Didier Daurat

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Didier Daurat
Didier Daurat 00347.JPG

Didier Daurat (2 January 1891, Montreuil-sous-Bois – 2 December 1969, Toulouse) was a pioneer of French aviation. He was a fighter pilot during World War I, distinguishing himself by spotting the Paris Gun which was pounding Paris. After the war, he joined an airline company, which later became the Compagnie générale aéropostale - Aéropostale, then Air France, where he was a pilot and later operations director.

From then, the legend of the man with the iron will made him a boss admired by many, feared by all and hated by some. He did not hesitate to dismiss those who showed the slightest sign of weakness, questioned his methods or did not adhere to the 'spirit of the mail' (l'esprit du courrier).

Many of his pilots began their careers as grease monkeys, taking apart, cleaning and reassembling engines. According to Daurat, that formed character and taught pilots to respect their machines. However, he knew when he saw a talented pilot. When Jean Mermoz presented himself in Toulouse and made a dazzling display of piloting skill, Daurat told him, "I don't need circus artists but bus drivers." (Je n'ai pas besoin d'artistes de cirque mais de conducteurs d'autobus.) Nevertheless, he hired him to clean the engines.

These methods proved their worth because the Latécoère lines, and later Aéropostale, achieved a level of punctuality and reliability unknown for the time on the Toulouse-Saint-Louis-du-Sénégal route, and later from Toulouse-Santiago, Chile, Chile with a crossing of the South Atlantic and the Andes.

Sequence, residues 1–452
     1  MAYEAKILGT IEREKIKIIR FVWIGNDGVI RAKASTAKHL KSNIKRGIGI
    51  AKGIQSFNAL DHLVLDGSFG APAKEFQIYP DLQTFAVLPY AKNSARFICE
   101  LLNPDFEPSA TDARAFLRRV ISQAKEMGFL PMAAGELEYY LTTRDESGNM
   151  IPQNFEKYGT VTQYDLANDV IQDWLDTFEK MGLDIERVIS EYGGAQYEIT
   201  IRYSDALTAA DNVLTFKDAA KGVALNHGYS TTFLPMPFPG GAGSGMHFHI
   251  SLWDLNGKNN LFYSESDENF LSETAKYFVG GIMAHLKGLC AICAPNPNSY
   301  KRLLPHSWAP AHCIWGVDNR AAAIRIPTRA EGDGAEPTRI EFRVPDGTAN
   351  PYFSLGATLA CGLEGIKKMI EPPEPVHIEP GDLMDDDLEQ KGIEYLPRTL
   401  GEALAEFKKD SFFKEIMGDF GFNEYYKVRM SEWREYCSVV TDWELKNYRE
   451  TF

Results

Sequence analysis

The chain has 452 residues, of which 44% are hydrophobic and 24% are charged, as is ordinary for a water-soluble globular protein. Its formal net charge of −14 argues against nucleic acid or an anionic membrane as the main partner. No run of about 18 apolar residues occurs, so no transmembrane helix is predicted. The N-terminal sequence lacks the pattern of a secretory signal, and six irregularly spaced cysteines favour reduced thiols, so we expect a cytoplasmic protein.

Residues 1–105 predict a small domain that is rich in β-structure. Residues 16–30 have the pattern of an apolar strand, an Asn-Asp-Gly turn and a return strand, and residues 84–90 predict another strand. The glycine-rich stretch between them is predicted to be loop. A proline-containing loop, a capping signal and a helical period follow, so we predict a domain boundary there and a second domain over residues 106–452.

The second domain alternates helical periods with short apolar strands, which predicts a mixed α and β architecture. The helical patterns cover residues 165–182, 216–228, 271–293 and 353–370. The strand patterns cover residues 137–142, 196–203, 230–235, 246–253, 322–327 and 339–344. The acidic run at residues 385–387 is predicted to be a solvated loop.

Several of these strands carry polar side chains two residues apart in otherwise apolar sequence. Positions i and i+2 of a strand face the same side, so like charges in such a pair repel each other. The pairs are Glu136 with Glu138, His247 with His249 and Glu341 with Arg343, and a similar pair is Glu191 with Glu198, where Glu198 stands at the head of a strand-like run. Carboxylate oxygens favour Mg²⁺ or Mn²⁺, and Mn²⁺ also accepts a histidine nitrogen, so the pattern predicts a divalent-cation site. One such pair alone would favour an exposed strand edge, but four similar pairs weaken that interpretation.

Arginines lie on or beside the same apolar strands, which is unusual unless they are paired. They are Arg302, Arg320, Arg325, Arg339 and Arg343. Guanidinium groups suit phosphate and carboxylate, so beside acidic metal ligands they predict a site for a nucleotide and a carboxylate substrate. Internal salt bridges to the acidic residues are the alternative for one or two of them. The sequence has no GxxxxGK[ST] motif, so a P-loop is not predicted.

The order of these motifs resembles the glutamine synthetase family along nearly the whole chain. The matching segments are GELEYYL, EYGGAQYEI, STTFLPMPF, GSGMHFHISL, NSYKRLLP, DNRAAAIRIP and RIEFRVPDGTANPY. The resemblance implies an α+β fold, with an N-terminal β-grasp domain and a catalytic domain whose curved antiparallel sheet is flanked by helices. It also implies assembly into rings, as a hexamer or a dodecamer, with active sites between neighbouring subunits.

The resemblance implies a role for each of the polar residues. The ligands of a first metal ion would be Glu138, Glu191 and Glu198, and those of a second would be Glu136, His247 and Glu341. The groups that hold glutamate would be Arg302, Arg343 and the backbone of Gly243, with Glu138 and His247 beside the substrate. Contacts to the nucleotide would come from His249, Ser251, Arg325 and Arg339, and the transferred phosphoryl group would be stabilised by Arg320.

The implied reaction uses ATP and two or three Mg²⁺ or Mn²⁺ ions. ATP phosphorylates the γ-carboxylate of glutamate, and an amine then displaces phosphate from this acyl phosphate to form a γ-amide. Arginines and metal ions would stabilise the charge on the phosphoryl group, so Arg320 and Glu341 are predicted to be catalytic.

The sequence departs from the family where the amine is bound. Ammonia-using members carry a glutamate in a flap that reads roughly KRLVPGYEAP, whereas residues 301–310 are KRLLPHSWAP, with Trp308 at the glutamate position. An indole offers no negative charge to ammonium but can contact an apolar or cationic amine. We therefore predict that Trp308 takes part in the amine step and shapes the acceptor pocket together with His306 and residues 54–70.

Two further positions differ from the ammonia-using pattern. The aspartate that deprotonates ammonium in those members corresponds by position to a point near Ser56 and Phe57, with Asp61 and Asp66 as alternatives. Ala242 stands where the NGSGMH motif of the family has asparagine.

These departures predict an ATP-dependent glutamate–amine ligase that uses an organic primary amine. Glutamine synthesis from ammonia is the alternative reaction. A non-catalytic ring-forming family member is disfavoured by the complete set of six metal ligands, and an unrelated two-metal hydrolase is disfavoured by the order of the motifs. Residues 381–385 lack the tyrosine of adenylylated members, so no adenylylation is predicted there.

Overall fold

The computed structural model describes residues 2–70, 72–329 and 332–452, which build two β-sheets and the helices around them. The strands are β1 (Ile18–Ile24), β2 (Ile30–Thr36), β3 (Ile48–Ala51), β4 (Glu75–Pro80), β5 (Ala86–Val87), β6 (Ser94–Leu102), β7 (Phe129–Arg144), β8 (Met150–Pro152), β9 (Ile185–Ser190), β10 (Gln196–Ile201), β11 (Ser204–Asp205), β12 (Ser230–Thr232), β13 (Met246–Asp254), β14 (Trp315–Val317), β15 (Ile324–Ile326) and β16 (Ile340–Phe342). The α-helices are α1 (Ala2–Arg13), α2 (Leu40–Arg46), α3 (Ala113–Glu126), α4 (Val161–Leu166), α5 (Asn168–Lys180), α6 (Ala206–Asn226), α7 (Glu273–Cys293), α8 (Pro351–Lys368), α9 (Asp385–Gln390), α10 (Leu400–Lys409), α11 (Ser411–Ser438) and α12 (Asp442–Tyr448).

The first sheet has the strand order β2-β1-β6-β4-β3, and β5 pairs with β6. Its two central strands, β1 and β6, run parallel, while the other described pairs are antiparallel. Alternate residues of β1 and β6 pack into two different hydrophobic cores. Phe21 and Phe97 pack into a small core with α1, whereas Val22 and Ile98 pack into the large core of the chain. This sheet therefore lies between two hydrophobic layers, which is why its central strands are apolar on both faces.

Burial of Daurat at Montaudran Airport, 1972.

When Aéropostale was integrated with Air France in 1933, Daurat, friendless, was dismissed.

In 1935, he founded the Air Bleu company, which transported mail throughout France by day as well as by night. Results were remarkable, but the company was militarised with the declaration of war, in 1939.

Following the Liberation of France, he relaunched the night postal service before becoming operations chief for Air France at Orly, which until his retirement, in 1953.

He died in Toulouse in 1969. At his request, he was granted the honour of being buried on the Toulouse-Montaudran Airport, the former base of Aéropostale.

Antoine de Saint-Exupéry took inspiration from him for the character of Rivière in Night Flight (Vol de nuit, 1931).


  • Saint-Exupéry tel que je l'ai connu (1954)
  • Dans le vent des hélices (1956)